The impact on the chemical properties of the soil is closely related to the fact that earthworms leave numerous coprolites in the soil environment, consisting of their excrement, deposited on the soil surface or within the soil itself. This material significantly contributes to soil fertility, with coprolites having much higher levels of nutrients available to plants than the surrounding soil. The concentration of nitrogen in coprolites is five times higher, phosphorus seven times higher, and potassium eleven times higher than in the soil. Moreover, coprolites have a higher pH than the soil due to the action of calciferous glands. Every day, earthworms pass through their digestive tract plant residues and soil weighing between 20 to 100% of their body weight. It is estimated that on one hectare, one ton of earthworms can produce 30 tons of coprolites in a year, thereby increasing soil productivity.

On the other hand, the impact on the biological properties of the soil is associated with the process of consuming organic matter and the microorganisms residing in it. In the digestive tract of earthworms, there is an enrichment of matter with other microorganisms, thereby increasing the biodiversity of soil microorganisms. Consequently, both in the coprolites themselves and in the space around the excavated channels, there is a greater proliferation of soil microflora.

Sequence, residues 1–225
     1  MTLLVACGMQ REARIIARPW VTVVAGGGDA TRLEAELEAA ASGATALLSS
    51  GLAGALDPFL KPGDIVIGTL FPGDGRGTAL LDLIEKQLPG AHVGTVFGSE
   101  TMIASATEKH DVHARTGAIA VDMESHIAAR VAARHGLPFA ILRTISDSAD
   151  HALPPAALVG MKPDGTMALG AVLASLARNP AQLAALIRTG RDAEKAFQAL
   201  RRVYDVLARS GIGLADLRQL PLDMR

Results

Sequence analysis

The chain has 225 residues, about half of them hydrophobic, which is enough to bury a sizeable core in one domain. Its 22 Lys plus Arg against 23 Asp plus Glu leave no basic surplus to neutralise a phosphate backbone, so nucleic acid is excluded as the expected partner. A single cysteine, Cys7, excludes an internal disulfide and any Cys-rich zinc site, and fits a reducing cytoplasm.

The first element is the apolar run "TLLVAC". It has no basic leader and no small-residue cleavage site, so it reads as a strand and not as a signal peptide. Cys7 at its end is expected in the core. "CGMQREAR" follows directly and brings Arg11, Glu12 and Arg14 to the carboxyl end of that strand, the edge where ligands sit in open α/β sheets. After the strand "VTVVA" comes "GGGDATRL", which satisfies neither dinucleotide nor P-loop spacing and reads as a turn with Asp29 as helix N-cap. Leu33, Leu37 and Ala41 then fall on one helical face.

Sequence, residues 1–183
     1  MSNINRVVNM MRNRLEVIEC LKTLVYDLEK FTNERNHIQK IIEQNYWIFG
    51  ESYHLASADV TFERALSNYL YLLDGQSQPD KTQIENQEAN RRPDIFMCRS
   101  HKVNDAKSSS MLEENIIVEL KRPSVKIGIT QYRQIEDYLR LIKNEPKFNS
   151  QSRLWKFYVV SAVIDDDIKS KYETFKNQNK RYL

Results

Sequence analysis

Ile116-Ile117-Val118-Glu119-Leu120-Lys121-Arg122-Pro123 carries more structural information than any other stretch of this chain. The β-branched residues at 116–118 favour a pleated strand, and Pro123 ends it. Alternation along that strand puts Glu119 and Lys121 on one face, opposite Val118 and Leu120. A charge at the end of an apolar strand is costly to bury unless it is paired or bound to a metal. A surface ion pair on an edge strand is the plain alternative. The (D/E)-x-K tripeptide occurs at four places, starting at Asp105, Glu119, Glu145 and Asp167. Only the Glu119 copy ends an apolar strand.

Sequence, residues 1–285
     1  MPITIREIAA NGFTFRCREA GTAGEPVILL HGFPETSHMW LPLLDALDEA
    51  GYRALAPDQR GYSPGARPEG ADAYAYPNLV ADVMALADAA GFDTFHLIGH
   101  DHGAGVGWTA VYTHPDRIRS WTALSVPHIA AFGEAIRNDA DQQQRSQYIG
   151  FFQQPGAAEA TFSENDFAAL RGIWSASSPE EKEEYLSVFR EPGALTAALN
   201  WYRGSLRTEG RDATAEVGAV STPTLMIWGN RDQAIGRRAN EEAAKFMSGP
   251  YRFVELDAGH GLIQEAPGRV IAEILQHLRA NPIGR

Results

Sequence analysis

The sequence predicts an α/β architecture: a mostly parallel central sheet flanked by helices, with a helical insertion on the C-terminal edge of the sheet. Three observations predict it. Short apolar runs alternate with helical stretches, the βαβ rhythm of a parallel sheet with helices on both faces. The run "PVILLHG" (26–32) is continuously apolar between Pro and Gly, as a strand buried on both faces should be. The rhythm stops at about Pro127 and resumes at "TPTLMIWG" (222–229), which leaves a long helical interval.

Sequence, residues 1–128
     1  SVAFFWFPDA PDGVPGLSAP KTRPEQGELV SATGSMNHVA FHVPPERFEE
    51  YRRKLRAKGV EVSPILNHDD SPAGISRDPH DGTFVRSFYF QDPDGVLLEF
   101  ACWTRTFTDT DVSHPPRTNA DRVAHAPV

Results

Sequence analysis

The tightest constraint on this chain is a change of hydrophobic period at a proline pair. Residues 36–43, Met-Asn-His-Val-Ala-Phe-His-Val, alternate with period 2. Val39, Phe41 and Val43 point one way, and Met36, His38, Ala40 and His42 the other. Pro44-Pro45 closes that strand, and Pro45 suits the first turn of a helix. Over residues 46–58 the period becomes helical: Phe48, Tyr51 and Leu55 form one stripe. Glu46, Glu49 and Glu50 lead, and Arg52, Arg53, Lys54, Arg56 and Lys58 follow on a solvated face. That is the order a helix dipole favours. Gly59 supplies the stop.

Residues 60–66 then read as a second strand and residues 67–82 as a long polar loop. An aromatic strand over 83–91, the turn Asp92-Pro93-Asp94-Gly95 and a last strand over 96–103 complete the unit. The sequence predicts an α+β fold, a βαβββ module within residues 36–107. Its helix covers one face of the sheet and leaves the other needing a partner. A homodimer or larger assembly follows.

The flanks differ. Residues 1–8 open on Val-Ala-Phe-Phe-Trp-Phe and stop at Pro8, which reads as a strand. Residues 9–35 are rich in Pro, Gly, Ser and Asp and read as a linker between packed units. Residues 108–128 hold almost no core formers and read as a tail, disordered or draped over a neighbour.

Summary

After presenting this handful of information related to earthworms, it is worth reappreciating their impact on the soil and its mechanical, chemical, and biological properties. Let us not regard them merely as organisms "attached" to our soil but rather as the soil life that cultivates and fertilizes our crops in the best possible way.

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Project is financed by the Republic of Estonia

The project was funded by the Entrepreneurs Support Program for Applied Research and Product Development (RUP).

Project name:

Software Technology and Applications Competence Centre (STACC)

Project is financed by the Republic of Estonia

The project was funded by the Entrepreneurs Support Program for Applied Research and Product Development (RUP).

Project name:

Software Technology and Applications Competence Centre (STACC)

Project is financed by the Republic of Estonia

The project was funded by the Entrepreneurs Support Program for Applied Research and Product Development (RUP).

Project name:

Software Technology and Applications Competence Centre (STACC)

Project is financed by the Republic of Estonia

The project was funded by the Entrepreneurs Support Program for Applied Research and Product Development (RUP).

Project name:

Software Technology and Applications Competence Centre (STACC)